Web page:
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    FINAL REPORTSeptember 2016

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    FINAL REPORTSeptember 2016

  • Working Group on Clean Technology, Innovation and Jobs Final Report


    ABBREVIATIONSAFI Aboriginal Financial InstitutionsARENA Australian Renewable Energy Agency (Australia)ARPA-E Advanced Research Projects Agency-Energy (United States)BCIP Build in Canada Innovation ProgramBDC Business Development Bank of CanadaCCEMC Climate Change and Emissions Management CorporationCO2 carbon dioxideCOSIA Canadas Oil Sands Innovation AllianceCVCA Canadian Venture Capital & Private Equity AssociationECCC Environment and Climate Change CanadaECN Energy Research Centre of the NetherlandsEDC Export Development CanadaEOR enhanced oil recoveryFPT federal-provincial-territorialGAC Global Affairs CanadaGCII Global Cleantech Innovation IndexGDP gross domestic productGHG greenhouse gasICT information and communication technologiesIEA International Energy AgencyINAC Indigenous and Northern Affairs CanadaIRAP Industrial Research Assistance ProgramISED Innovation, Science and Economic Development CanadakWh kilowatt hourLCEGS low carbon environment goods and servicesLCICG Low Carbon Innovation Co-ordination Group (United Kingdom)MUSH municipalities, universities, schools and hospitalsNAICS North American Industry Classification SystemNCE Networks of Centres of ExcellenceNIOs National Indigenous OrganizationsNRCan Natural Resources CanadaOECD Organisation for Economic Co-operation and DevelopmentPSPC Public Services and Procurement CanadaRDAs Regional Development AgenciesR&D research and developmentRD&D research, development and demonstrationSBIR Small Business Innovation and Research Program (United States)SmartICE Sea-ice Monitoring and Real-Time Information for Coastal EnvironmentsSMEs small and medium-sized enterprisesSR&ED Scientific Research & Experimental DevelopmentSTEM science, technology, engineering and mathematicsSDTC Sustainable Development Technology CanadaVPP virtual power plants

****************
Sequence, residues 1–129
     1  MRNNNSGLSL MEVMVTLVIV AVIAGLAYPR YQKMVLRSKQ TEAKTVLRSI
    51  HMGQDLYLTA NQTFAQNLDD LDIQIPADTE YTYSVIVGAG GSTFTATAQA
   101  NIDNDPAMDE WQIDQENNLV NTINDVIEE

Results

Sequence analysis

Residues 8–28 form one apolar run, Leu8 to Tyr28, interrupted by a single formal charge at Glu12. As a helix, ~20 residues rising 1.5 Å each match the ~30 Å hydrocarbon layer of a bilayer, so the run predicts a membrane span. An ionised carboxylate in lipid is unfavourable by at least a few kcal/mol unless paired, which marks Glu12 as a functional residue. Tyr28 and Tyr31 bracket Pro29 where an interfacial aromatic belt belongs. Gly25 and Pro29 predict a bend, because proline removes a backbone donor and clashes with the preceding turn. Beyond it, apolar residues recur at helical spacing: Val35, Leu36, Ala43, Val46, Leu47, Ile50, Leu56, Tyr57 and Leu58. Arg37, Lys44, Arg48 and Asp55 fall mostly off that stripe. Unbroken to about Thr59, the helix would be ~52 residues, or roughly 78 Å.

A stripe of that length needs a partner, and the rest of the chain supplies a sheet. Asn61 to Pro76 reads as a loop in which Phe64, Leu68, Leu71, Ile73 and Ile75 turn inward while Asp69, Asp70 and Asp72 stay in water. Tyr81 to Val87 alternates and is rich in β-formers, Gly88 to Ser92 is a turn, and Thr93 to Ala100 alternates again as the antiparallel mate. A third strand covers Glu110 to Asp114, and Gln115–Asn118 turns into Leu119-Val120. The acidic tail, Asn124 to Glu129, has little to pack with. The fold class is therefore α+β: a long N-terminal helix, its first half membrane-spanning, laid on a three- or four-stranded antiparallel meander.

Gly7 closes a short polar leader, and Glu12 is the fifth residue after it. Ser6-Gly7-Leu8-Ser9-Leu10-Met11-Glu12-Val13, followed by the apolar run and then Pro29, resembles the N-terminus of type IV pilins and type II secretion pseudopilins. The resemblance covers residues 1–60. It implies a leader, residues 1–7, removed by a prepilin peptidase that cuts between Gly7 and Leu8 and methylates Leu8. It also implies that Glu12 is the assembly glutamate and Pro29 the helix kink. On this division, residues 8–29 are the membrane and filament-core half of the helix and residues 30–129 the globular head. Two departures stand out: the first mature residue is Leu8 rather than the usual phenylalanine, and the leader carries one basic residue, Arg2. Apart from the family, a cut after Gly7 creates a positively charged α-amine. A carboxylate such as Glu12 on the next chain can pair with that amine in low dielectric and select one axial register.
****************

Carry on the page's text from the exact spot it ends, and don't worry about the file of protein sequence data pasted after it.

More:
• Working Group on Clean Technology, Innovation and Jobs Final Report


    Working Group on Clean Technology, Innovation and Jobs Final Report




    On March 3, 2016, Canadas First Ministers signed the Vancouver Declaration on Clean Growth and Climate Change, and established four working groups to develop options to support the development of a Pan-Canadian Framework on Clean Growth and Climate Change. This is the final report of the Working Group on Clean Technology, Innovation and Jobs (the Working Group). First Ministers directed the Working Group to report to Ministers of Innovation and Economic Development with options on how to stimulate economic growth, create jobs, and drive innovation across all sectors to transition to a low-carbon economy, leveraging regional strengths.

    As requested, the Working Group considered policy tools required to bring new and emerging technology and innovations to market, as well as to sustain a competitive economy, reduce greenhouse gas (GHG) emissions, encourage growth and investment, and increase exports of clean technologies, services and expertise. Solutions and actions aimed at achieving pan-Canadian objectives have to take regional approaches into account because economic strengths, resource endowments, needs and challenges vary byregion.

    The Working Group process involved active participation from all jurisdictions in Canada; from April to September 2016 over 20 in-person Working Group meetings or teleconferences were held. The Working Group sought input from a broad base of Canadians and clean technology, innovation and growth experts from industry, academia, think tanks, financial institutions and government departments. As of mid-September, over 700 public submissions were received through Environment and Climate Change Canadas Lets Talk Climate Action portal. A roundtable involved over 50 national stakeholder organizations from Canadas transportation, natural resources, construction, agriculture, energy and public utilities sectors. Working Group members participated in regional and provincial roundtables and drew on the knowledge that had been gathered by previous consultations in some jurisdictions. A further, important feature of the process was regular communication with National Indigenous Organizations (NIOs), representing Canadas First Nations, Mtis and Inuit peoples, to obtain their valuable input.

    The Working Group supplemented these consultations with its own analysis of available literature on clean technology, focusing on best practices and experiences in Canada and abroad. This work has culminated in aseries of 34 options for consideration by Ministers.